We live in stressful times. Many people are very concerned about their health especially with the winter season ahead of us. This is the perfect time to boost your body’s natural defense against disease, your immune system. When our immune system is strong, we are protected from colds and flu, so it is important to support it at this time.

The factors that weaken our immune system are:

stress, lack of sleep, poor diet, sedentary lifestyle, and obesity. Chronic stress and anxiety will increase the body’s cortisol level and reduce the production of prostaglandin in the body. Prostaglandin supports healthy immune functioning.

Lack of sleep interferes with the body’s ability to heal and rejuvenate itself. If the body is unable to renew itself, the production of white blood cells is reduced. Research supports getting at least 7 hours of sleep a night to stay healthy.

Sitting in front of a computer for hours without any exercise program reduces blood flow throughout the body which will reduce the flow of antibodies that battle infections. Likewise, a diet which has mainly processed and junk food, high in sugar and preservatives impairs the ability of the white blood cells to fight bacterial infections.

Finally, a sedentary lifestyle and junk food over time will create obesity. Obesity is one of the most prevalent health conditions of our time. This condition creates a lot of inflammation and greatly taxes the ability of the immune system to fight disease.

Acupressure and acupuncture support the immune system by balancing the body’s natural energy or chi and promoting a state of deep relaxation in which the body can release stress. When our stress is reduced, we can rest more easily and sleep more soundly.

When our Chi is flowing freely, symptoms such as headaches, backaches, indigestion, and general aches and pains are diminished. Studies on acupuncture have shown it can boost the functions of the immune system to secrete antibodies to fight against germs and viruses. Acupressure can also help improve immune function.

A few pressure points that help to improve immune function are:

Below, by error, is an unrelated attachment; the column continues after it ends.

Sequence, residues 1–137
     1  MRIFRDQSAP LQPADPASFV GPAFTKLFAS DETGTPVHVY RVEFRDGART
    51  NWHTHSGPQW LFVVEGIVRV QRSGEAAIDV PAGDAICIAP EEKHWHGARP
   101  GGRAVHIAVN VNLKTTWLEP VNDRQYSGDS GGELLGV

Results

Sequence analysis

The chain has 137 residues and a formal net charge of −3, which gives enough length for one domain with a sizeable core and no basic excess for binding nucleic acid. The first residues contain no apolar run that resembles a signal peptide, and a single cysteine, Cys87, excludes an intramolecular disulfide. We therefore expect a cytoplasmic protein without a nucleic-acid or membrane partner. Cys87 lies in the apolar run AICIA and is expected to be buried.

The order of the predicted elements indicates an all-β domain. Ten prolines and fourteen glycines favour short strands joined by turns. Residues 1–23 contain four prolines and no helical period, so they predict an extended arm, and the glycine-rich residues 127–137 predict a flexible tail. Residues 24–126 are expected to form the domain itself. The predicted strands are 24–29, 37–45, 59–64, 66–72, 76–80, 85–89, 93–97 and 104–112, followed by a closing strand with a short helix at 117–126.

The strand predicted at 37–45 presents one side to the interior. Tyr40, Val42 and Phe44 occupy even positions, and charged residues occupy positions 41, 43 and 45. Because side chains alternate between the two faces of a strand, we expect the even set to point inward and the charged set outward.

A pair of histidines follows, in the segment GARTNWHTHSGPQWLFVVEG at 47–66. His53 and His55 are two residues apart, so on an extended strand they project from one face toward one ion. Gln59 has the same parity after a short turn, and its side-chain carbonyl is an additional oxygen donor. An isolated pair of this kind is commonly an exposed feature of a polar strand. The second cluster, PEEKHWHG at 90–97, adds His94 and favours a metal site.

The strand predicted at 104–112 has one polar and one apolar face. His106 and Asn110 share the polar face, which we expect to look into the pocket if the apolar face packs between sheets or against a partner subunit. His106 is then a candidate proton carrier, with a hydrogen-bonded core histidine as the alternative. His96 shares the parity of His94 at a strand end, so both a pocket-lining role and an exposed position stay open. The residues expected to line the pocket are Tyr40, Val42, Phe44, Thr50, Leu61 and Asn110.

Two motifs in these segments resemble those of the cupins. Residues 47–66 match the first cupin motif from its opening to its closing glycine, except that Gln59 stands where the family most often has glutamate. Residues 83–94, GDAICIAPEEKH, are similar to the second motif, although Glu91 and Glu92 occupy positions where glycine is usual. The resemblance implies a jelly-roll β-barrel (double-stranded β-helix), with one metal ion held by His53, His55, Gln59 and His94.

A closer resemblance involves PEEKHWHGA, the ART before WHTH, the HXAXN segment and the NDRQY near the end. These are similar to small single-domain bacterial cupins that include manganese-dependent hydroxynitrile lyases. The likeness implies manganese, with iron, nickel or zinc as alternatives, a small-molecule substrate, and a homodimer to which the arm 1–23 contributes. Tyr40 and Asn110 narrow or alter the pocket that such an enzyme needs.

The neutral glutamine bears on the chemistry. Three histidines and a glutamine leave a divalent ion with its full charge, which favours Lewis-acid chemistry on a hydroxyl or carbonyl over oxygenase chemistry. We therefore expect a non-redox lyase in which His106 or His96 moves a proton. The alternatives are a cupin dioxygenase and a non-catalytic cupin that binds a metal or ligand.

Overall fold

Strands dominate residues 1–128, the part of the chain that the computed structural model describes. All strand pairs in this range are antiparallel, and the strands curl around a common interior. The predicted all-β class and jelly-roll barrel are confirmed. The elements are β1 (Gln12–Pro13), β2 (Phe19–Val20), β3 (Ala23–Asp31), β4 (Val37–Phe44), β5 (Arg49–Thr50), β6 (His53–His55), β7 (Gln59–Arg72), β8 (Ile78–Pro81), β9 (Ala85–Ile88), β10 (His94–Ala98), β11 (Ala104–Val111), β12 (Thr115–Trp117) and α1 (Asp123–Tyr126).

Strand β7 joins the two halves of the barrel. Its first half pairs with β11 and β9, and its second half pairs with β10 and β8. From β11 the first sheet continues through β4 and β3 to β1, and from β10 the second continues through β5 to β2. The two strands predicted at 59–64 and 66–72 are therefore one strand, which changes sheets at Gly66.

Great Ravine– located between the highest point of the inner ankle bone and the Achilles tendon. You press into the point toward the ankle bone.

Great Rushing– this is located on the top of the foot, in the webbing between the big and second toes. It is a liver point, and you press in and up toward the leg. It helps to increase blood flow throughout the body, and can relieve headaches, menstrual cramps, and lower back pain.

The Psychological Aspect of the Bladder Meridian

The Bladder Meridian is the longest energy pathway in the body and the most influential since it passes through all the other meridians. As you can see the Bladder Meridian begins at the inner corner of the eye and runs the length of the back of the body and ends at the small toe.

The functional aspect of the bladder is to store and eliminate urinary waste passed down from the kidneys, but it also is closely related to the functions and balance of the autonomic nervous system. The Bladder Meridian runs the length of the spine with two parallel branches on each side of the spinal column. These four branches of bladder energy greatly influence the sympathetic and parasympathetic branches of the nervous system, which regulates all the basic, vital body functions. Having energy balanced along the spine can alleviate tension and pain and promote deep relaxation.

The stress of modern life many times creates an overactive sympathetic nervous system, which promotes constant anxiety and fear. This can be accompanied by tension and discomfort along the spine. This tension if chronic activates a constant fight or flight response, depletes our adrenals, and weakens the immune system.

Some symptoms of bladder imbalance are:

  • Lack of decision-making capability.
  • Habitual fear
  • Resentment
  • Jealousy
  • Anger, anxiety, suspicion
  • Holding on to long-standing grudges

The 24-Hour Body Clock of Chinese Medicine

24 Hour Body Clock of Chinese MedicineEvery so often I like to revisit this topic. It’s very helpful information and can bring awareness to the problem of disturbed sleep which is of interest to just about everyone. The 24-hour body clock of Chinese Medicine is a representation of the movement of energy through the body’s meridians (energy pathways) and organs in a 24-hour period. Every two hours the energy is strongest in a particular meridian and organ within the body.

According to Traditional Chinese Medicine (TCM), almost all our body functions are linked to a specific time on our internal clock. “This is the time when that particular organ and its related meridians are said to be most energized and working hardest, affecting everything from your emotions to your productivity.” The Chinese believe that to achieve optimum health we need to be in harmony with our internal and external environment.

When our energy is blocked or imbalanced; we experience physical symptoms. If we wake at the same time every night with insomnia; the energy most active at that time is probably blocked.